SAN DIEGO, May 22, 2012 /PRNewswire/ -- Groundbreaking efforts to study and map human gut microbiota and to explore how probiotics can promote gut health were presented during the Symposium "The New Microbiota & Probiotics Paradigm" organized by Dr. Allan Walker, MD of Harvard Medical School's Division of Nutrition. The program explored real-world applications for managing gut disorders by utilizing the microbiota and probiotics paradigm.
Probiotics are living organisms that can provide benefits to human health when administered in adequate amounts, which confer a beneficial health effect on the host. Current challenges in gastrointestinal disease prevention and health promotion underscore the importance of mapping the genetic makeup of gut microbiota. The Symposium placed this new area of research into context as to how the use of probiotics can be optimized to maintain the stability of beneficial microbiota and disrupt the colonization of the gut by harmful microorganisms.
"We should know how host genes determine microbial populations in the human gut and how to better define a healthy microbiota," said Dr. Walker. "Linking this understanding to probiotic research and application in areas such as IBS represents a new frontier for promoting health and preventing and managing certain disorders."
"This new knowledge," Dr. Walker added, "will enable clinicians, nutritionists, and gastroenterologists to understand the microbiota and how probiotics may be used to optimize intestinal health."
Dr. Walker was joined by a world-class panel of experts who shared insights about the latest research and clinical applications for how probiotics may be used effectively in clinical practice to promote a stable, healthy balance of gut microbiota. Panelists included:
- Patrick Schloss, PhD (Assistant Professor, Department of Microbiology & Immunology, University of Michigan): "Stability of the Microbiome"
- Stephen M. Collins, MBBS, FRCP(UK), FRCPC (Associate Dean for Research, Faculty of Health Sciences, McMaster University): "Intestinal Dysbiosis as a Basis for Functional Gastrointestinal Disorders"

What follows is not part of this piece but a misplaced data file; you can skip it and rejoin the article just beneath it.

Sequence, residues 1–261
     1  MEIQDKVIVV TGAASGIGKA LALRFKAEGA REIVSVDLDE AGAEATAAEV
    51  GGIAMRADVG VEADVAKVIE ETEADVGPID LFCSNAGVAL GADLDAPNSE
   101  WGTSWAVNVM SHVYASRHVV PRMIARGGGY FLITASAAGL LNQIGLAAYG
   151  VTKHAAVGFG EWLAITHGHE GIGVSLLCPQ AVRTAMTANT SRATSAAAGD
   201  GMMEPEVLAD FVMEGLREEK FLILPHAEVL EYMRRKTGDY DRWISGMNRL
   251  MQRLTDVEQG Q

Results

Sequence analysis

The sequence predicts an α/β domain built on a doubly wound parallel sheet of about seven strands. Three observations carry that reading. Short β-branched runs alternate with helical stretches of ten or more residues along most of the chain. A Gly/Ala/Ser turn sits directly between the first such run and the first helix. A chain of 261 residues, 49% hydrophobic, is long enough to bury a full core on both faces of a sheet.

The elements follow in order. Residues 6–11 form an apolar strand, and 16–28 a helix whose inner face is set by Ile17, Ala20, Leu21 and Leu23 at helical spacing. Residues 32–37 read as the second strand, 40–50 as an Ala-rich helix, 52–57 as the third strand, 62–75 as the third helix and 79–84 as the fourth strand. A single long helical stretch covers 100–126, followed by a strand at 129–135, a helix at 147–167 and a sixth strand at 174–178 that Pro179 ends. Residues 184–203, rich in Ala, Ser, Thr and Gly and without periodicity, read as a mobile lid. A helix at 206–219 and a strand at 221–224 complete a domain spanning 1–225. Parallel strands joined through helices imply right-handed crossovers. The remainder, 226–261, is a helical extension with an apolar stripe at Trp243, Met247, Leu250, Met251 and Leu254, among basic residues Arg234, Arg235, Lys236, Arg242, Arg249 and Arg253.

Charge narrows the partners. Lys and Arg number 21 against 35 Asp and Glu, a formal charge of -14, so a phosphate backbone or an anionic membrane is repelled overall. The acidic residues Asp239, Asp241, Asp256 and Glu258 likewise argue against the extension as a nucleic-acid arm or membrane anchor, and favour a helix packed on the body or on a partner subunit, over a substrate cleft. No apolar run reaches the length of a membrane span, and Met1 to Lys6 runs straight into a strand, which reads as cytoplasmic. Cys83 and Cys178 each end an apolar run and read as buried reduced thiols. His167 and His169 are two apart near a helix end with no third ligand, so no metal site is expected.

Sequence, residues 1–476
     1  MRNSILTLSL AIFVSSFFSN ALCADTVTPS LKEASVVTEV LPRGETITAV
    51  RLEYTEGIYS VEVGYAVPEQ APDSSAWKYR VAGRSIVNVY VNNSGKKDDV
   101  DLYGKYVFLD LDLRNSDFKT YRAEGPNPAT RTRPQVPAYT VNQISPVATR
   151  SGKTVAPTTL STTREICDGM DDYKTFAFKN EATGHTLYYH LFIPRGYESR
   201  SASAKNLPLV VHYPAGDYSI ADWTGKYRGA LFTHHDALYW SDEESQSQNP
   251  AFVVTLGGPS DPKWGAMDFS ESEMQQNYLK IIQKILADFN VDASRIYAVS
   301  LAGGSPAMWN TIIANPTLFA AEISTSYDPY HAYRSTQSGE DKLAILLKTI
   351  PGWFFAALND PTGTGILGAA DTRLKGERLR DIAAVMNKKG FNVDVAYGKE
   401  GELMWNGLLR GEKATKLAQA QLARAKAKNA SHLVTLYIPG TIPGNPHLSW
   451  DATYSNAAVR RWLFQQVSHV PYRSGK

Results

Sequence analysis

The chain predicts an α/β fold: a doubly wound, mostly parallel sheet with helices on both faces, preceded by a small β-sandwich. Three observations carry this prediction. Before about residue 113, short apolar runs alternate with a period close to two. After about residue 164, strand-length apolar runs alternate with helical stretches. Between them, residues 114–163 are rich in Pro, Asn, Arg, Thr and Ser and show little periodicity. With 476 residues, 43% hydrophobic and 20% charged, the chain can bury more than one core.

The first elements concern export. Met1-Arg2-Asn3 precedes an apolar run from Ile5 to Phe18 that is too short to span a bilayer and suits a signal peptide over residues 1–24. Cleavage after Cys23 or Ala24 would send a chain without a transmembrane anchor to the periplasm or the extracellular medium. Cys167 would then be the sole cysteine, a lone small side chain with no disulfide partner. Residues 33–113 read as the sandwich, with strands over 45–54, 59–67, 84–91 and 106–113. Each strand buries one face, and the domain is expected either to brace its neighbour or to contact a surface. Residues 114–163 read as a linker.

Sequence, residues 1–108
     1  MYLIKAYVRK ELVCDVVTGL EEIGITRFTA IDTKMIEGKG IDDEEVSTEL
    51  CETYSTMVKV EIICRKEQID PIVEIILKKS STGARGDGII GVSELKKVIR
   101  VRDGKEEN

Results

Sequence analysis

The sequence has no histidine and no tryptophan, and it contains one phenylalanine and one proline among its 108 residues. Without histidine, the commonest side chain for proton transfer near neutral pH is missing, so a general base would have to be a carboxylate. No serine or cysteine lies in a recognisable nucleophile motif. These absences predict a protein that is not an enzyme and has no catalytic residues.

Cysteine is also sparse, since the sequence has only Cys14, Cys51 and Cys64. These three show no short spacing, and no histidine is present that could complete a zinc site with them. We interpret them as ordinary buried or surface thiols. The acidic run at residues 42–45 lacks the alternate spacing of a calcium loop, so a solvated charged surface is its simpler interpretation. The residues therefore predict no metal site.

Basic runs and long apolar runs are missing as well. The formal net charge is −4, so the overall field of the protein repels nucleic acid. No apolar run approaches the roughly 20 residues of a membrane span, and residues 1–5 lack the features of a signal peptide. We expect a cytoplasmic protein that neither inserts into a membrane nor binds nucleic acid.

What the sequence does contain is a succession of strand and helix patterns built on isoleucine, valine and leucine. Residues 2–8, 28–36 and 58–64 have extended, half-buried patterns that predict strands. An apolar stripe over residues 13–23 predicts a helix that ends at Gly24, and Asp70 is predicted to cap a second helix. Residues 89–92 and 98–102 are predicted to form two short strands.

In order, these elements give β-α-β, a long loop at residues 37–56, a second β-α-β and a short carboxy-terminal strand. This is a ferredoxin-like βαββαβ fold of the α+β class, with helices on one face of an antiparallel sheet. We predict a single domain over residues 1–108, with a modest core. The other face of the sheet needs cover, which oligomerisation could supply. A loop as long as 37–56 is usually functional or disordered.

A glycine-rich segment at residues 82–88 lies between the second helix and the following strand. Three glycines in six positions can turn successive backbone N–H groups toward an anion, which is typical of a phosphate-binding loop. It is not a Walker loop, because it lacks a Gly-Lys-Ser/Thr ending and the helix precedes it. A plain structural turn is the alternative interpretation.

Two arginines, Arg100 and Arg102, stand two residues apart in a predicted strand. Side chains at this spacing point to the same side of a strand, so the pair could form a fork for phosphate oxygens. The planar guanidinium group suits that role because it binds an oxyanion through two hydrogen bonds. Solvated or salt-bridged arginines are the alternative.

- R. Balfour Sartor, MD (Director, Multidisciplinary Center for IBD Research and Treatment and Co-Director for Gastrointestinal Biology and Disease, University of North Carolina Department of Medicine/Division of Gastroenterology and Hepatology): "Restoring a Healthy Microbiota: What Tools Do We Have?"
The program was sponsored by an educational grant from Danone Research and Yakult Honsha Co., Ltd.
About Danone & Danone Research:
Danone is the world's leading producer of yogurt products. These products are sold under the Dannon and Danone brand names. Since its founding, Danone has built its business on product offerings, which combine health benefits and taste. Danone Research is the organization responsible for all Danone R&D activities (1200 employees worldwide). Its mission is to formulate Danone products with health benefits based on scientific evidence. It also studies the effects of food on health and aims to continuously improve the nutritional profile of Danone products worldwide.
Among others, probiotic research is a key expertise of Danone Research. Over the past 90 years, Danone has amassed a collection of approximately 4,000 lactic bacteria strains or "cultures." In addition to taste and texture, some of these cultures provide probiotic health properties. Such is the case of Bifidobacterium lactis DN-173 010, used to make Activia, and Lactobacillus casei DN-114 001, used to make Actimel (known as DanActive in the US and Canada). Because this culture collection holds considerable potential for product innovation, Danone Research is carefully studying it using state-of-the-art technologies to select the probiotic bacteria of the future. For more information, please visit www.danone.com/en/research-innovations.html, www.dannon.com.
About YAKULT HONSHA CO., LTD.:
From our earliest research on lactobacilli, through the development of our food, cosmetics, and pharmaceutical businesses, Yakult has retained its commitment to improving human health. Today our responsibilities extend beyond basic health to embrace global social and environmental challenges.Yakult's Central Institute works to elucidate the relationship between human health and intestinal microbiota, focusing on basic research into the structures and functions of microbiota. 'YIF-SCAN', Yakult's state-of-the-art intestinal flora analysis system, selectively quantifies bacteria based on the unique gene sequences of individual microbiota. Synbiotic treatments (combining probiotics and prebiotics) have already been shown to promote the recovery of immune functions, prevent septic complications, promote absorption and digestion, improve nutritional status, and enhance recuperative powers by improving the balance of the microbiota.Yakult's network extends through Asia, Oceania, the Americas and Europe and our products are sold through 27 overseas operations and consumed in 32 countries. Daily global consumption of Yakult dairy products numbered 30 million in June 2010. We will continue to strive to deepen our understanding of lactobacilli and support good health for all. Yakult U.S.A. Inc., the subsidiary of YAKULT HONSHA CO., LTD., is stationed in Torrance, CA. For more information, please visit http://www.yakult.co.jp/english and http://www.yakult.co.jp/institute.
SOURCE Yakult Honsha Co., Ltd.; Danone & Danone Research